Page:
Stilton
Stilton is offline   Reply With Quote
Old 06-27-2003, 01:58 AM   #27
JilesDM
Member
 
Join Date: Nov 2002
Posts: 66
JilesDM is on a distinguished road
Our system (permadeath) simply ensures that a group of cooperating people will always overcome any individual.

The most powerful individuals, therefore, have always been the ones who are able to influence/control large groups of people.

Griefers do not typically have the ability to be inspiring leaders (or, in the case of MUDs, the ability to convincingly pretend to be an inspiring leader), and are therefore rather brutally "regulated" by the rest of the populace should they prove to be sufficiently annoying to a large number of characters.

It's also orders of magnitude more difficult to develop a characters' skills without help from others.

These two characteristics of the system make it largely self-correcting.
JilesDM is offline   Reply With Quote
Old 06-27-2003, 09:52 AM   #28
OnyxFlame
Member
 
Join Date: Aug 2002
Posts: 153
OnyxFlame is on a distinguished road
Post

Perhaps Jiles, but you neglect the ooc cheating element. It's easily possible for a buncha buddies to help each other's chars get good and then rule the mud with an iron fist, including killing off any newbies who seem to be getting powerful quickly so their power can't be challenged. And in a system like this, lower skilled chars tend to prefer sucking up to the big guns rather than trying to overthrow them.

This is why in the mud I'm helping with, there'll be positions for gods, filled by people trusted not to totally unbalance the mud. So if it gets to a point where some faction of mortals controls the entire mud, a god could easily take action to rebalance it, whether by causing an earthquake, punishing their followers for being such asses, or backing someone else who doesn't like the way things are going. This is the only way I can think of to lessen the benefits of ooc cheating such that people stop doing it, the problem being of course that with gods running around, the mortals will feel powerless even if they happen to be kings. But oh well, we still have a long time left to develop it all to what it should be.
OnyxFlame is offline   Reply With Quote
Old 06-27-2003, 10:29 AM   #29
KaVir
Legend
 
KaVir's Avatar
 
Join Date: Apr 2002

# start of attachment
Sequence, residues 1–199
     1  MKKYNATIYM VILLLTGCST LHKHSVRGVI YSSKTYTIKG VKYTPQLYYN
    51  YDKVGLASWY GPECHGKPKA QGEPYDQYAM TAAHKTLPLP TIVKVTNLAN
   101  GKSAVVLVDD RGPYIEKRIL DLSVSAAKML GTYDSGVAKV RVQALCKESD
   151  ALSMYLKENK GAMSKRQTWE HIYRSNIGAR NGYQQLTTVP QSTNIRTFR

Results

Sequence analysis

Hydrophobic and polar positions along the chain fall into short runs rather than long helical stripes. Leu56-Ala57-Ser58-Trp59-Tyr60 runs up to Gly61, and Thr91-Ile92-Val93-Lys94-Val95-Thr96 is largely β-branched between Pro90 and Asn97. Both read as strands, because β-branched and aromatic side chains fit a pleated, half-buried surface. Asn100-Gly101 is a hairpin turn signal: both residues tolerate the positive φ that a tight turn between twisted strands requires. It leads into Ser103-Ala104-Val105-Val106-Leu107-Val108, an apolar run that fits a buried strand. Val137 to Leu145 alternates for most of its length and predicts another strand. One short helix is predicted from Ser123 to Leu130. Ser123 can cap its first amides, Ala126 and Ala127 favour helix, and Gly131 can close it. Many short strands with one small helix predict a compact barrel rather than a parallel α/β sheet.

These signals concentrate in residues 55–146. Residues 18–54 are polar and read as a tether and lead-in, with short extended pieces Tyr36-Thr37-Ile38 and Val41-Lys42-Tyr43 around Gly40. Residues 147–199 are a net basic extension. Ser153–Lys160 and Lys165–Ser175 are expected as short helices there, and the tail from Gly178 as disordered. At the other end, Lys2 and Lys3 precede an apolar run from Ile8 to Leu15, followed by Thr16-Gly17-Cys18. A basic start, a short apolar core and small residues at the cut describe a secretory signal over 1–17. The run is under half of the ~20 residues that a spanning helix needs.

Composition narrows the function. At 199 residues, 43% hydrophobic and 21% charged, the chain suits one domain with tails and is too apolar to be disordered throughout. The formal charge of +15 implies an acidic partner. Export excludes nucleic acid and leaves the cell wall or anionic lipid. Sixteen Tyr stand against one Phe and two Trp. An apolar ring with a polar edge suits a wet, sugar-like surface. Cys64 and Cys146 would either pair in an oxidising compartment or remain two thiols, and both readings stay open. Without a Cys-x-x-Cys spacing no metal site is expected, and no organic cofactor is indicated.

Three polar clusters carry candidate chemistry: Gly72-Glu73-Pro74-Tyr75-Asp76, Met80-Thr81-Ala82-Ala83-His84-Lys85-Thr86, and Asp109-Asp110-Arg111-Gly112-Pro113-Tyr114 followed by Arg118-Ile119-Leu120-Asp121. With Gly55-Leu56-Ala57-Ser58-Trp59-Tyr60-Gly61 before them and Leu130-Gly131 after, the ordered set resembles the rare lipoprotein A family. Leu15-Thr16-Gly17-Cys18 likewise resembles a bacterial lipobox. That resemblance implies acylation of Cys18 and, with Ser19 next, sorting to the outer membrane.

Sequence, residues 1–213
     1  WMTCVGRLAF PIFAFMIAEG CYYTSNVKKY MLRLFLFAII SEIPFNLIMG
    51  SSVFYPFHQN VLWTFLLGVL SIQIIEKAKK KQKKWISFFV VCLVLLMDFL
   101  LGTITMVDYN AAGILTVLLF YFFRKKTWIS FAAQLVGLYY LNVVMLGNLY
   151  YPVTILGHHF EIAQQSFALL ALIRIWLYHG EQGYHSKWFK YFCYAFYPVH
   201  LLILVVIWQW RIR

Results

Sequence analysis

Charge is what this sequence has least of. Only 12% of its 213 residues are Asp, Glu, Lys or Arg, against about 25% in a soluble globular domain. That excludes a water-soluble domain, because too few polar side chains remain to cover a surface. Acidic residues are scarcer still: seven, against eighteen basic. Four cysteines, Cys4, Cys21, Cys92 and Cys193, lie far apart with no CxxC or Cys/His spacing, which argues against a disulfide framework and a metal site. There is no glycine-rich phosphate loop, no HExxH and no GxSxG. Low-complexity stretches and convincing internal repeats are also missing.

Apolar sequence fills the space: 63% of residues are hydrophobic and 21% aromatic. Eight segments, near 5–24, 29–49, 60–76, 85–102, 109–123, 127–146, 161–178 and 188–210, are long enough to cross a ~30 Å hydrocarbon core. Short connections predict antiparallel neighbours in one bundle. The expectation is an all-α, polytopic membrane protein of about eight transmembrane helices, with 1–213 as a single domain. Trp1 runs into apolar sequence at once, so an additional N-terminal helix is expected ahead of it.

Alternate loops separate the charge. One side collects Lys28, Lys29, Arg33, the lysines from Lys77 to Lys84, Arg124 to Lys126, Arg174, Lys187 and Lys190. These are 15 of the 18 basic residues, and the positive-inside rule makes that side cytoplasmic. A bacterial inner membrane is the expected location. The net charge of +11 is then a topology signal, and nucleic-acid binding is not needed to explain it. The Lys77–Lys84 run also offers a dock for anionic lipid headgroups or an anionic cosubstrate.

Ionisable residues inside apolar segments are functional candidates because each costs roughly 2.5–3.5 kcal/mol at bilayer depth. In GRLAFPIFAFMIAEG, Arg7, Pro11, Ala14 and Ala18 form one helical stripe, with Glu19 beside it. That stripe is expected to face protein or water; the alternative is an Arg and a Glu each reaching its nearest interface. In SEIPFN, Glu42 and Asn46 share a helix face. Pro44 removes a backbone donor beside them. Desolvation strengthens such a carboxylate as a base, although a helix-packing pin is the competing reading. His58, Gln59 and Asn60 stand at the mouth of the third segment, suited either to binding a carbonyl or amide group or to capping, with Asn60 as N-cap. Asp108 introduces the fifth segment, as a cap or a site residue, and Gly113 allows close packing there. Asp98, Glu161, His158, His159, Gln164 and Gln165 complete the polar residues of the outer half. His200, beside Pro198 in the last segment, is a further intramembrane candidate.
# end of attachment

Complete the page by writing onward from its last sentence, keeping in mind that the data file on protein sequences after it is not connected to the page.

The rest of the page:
Name: Richard
Home MUD: God Wars II
Posts: 2,052
KaVir will become famous soon enoughKaVir will become famous soon enough
Quote:
Originally Posted by
Our system (permadeath) simply ensures that a group of cooperating people will always overcome any individual.
Then how do you prevent the "jerk" and his buddies from systematically and permanently killing each and every character they dislike, one at a time? Indeed, if a group can always beat an individual, then the "jerk" and his buddies could create new characters for each such killing, making it impossible to know when or where they're going to strike next.
KaVir is offline   Reply With Quote
Old 06-28-2003, 01:38 AM   #30
JilesDM
Member
 
Join Date: Nov 2002
Posts: 66
JilesDM is on a distinguished road
Quote:
Originally Posted by
Then how do you prevent the "jerk" and his buddies from systematically and permanently killing each and every character they dislike, one at a time?
People have tried, but no one ever has succeeded completely--and no one ever will if we do our jobs . So far about four major player groups have tried this with various amounts of success. The first three have, obviously, failed, and the fourth--and current--group is not significantly different from any of its predecessors, and it will simply take the work of a few determined and ambitious characters to topple them as well. They may hold power for months. Maybe even years. The average for large, highly coordinated and experienced groups (not necessarily jerks) seems to be about a 1 1/2 years, with periods of anarchy during coups. In any case, all regimes fall (without immortal intervention) at some point in time.